Book Reviews -- By: Anonymous
TRINJ 30:2 (Fall 2009) p. 291
Priests for Biblical Equality, trans. The Inclusive Bible: The First Egalitarian Translation. Lanham, Md.: Sheed & Ward, 2009. 808 pp. $29.95.
This 2009 publication is a paperback version of the hardback that appeared in 2007. It contains the entire Bible. The OT books follow the Hebrew order (Torah, Prophets, Writings). At the end of the Writings, several books from the OT Apocrypha appear: Baruch, Tobit, Judith, 1-2 Maccabees, Wisdom of Solomon, and Sirach. These are included as part of “the Hebrew Scriptures,” though historically speaking this is problematic as they were never part of the Hebrew-Aramaic canon in the same sense that the Tanak (traditional OT corpus) was. The NT contains the traditional books in their canonical order. There are some explanatory footnotes in the OT portion. Footnotes almost disappear in the NT section and are limited mainly to text-critical observations.
The “Priests for Biblical Equality” who are credited with making or overseeing this translation seem to be a dissident Roman Catholic group dating back to 1975. A website indicates that they are associated with a group called Catholics Speak Out, who state, “We support gender equality, including ordination for women; the civil rights of gay, lesbian, bisexual, and transgender persons; and advocate for an end to the rule of celibacy for Catholic clergy” (http://cso.quixote.org/about).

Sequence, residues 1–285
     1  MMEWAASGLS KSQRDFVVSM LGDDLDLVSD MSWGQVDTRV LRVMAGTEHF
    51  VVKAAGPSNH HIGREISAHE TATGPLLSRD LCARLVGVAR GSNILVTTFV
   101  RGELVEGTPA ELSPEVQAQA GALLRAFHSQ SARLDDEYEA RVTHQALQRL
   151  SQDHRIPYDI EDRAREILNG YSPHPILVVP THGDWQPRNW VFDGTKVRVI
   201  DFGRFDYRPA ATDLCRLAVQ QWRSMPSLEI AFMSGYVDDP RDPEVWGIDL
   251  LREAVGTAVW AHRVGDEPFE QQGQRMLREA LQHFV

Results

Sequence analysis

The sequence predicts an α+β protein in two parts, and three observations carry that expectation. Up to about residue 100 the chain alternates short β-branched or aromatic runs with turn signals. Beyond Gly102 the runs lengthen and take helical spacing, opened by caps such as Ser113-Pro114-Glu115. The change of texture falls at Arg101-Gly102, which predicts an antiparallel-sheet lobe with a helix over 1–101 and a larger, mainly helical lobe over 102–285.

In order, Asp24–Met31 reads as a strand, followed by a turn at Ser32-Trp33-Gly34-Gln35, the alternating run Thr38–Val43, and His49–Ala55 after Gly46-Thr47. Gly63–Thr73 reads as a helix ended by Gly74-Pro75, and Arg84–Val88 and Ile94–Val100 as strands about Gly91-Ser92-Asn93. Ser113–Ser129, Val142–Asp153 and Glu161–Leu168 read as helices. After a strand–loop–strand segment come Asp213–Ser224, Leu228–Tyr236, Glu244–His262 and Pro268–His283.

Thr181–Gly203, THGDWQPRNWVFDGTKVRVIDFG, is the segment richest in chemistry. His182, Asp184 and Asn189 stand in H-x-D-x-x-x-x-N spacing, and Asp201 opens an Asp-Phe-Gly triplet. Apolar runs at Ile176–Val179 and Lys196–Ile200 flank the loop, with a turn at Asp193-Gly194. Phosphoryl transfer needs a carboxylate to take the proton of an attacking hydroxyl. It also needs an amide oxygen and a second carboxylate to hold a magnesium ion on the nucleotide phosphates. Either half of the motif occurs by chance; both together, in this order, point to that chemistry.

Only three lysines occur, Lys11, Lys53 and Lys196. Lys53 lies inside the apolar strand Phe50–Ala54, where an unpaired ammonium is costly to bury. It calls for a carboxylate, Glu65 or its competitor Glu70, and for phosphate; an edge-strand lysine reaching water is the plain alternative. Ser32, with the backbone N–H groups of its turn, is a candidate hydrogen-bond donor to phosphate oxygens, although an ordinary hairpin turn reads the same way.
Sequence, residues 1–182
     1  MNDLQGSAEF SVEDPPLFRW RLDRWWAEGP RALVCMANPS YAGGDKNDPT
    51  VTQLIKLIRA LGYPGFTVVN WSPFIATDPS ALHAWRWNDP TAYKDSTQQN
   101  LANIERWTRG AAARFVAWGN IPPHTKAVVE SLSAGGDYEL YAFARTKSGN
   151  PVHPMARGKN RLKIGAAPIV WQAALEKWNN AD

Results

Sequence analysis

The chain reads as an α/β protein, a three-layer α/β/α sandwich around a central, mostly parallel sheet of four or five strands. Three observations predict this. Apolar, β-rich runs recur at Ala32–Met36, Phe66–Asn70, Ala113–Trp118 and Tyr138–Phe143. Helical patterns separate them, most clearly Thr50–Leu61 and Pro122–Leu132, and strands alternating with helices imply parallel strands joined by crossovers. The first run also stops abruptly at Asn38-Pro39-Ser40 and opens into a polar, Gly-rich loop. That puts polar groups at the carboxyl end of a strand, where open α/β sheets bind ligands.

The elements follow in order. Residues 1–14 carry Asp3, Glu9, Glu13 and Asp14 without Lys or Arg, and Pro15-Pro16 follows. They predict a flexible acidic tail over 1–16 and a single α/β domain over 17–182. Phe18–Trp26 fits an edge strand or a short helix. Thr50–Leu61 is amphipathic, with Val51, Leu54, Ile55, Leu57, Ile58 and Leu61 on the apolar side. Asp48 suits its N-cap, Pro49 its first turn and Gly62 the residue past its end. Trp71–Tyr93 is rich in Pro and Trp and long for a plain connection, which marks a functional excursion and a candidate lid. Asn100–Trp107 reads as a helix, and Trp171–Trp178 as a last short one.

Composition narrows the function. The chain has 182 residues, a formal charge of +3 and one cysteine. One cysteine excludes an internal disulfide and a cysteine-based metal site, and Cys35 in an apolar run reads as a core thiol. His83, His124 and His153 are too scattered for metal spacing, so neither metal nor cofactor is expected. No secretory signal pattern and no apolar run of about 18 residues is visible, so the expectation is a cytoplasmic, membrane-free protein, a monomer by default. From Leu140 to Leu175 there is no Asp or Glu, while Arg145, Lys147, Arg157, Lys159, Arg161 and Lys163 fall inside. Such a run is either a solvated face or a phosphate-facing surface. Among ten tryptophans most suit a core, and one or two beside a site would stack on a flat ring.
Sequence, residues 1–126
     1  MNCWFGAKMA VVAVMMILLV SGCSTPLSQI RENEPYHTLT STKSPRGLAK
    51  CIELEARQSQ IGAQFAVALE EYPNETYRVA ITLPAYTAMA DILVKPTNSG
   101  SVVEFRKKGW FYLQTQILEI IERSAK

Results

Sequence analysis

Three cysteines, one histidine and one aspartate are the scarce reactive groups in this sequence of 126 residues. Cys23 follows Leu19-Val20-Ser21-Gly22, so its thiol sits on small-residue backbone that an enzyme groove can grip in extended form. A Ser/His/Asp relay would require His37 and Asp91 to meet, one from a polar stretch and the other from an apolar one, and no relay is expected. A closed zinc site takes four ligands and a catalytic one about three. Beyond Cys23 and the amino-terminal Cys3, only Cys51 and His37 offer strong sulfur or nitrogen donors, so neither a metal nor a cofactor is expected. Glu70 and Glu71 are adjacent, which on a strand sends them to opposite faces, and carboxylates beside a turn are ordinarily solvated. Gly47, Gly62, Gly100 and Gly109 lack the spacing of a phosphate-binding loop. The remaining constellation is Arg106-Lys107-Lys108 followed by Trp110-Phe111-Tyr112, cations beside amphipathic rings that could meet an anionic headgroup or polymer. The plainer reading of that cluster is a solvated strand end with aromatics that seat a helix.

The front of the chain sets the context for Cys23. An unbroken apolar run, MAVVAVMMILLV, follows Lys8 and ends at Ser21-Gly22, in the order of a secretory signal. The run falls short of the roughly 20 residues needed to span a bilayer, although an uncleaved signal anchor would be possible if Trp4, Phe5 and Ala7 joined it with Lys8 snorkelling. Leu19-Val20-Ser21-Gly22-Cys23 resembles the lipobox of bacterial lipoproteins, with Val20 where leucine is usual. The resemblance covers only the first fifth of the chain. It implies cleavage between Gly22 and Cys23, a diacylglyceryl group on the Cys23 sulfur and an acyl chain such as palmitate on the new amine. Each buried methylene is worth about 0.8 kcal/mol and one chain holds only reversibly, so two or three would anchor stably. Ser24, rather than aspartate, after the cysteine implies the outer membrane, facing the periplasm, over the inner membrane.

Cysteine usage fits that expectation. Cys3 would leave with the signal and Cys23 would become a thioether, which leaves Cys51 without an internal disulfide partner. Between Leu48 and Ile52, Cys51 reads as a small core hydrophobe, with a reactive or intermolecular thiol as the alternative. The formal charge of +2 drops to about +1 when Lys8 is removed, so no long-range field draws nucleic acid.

This “translation,” then, is in some respects a study in how overt political commitments can affect what is usually taken to be the primarily historical and linguistic operation of rendering the OT and NT from their original languages into a modern one, in this case American English.
While most of this translation does not stray far from other contemporary versions, it is not a “Bible” to be relied on uncritically. Psalm 1:1 becomes, “Happiness comes to those who reject the path of violence, who refuse to associate with criminals or even to sit with people who belittle others.” This is a less than compelling “translation” of Hebrew words typically rendered something like “Blessed is the man who does not walk in the counsel of the wicked, or stand in the way of sinners or sit in the seat of mockers” (NIV).
As the preface makes clear, what is most distinctive about this translation is its commitment to address the problem of certain objectionable expressions. An example is “Lord.” This is the usual translation of kyrios in the NT. But “to avoid sexist and classist connotations” (p. vi), Jesus is never called “Lord” but instead “Savior” or “Christ” or some other acceptable term. Paul’s formulaic “if you confess...
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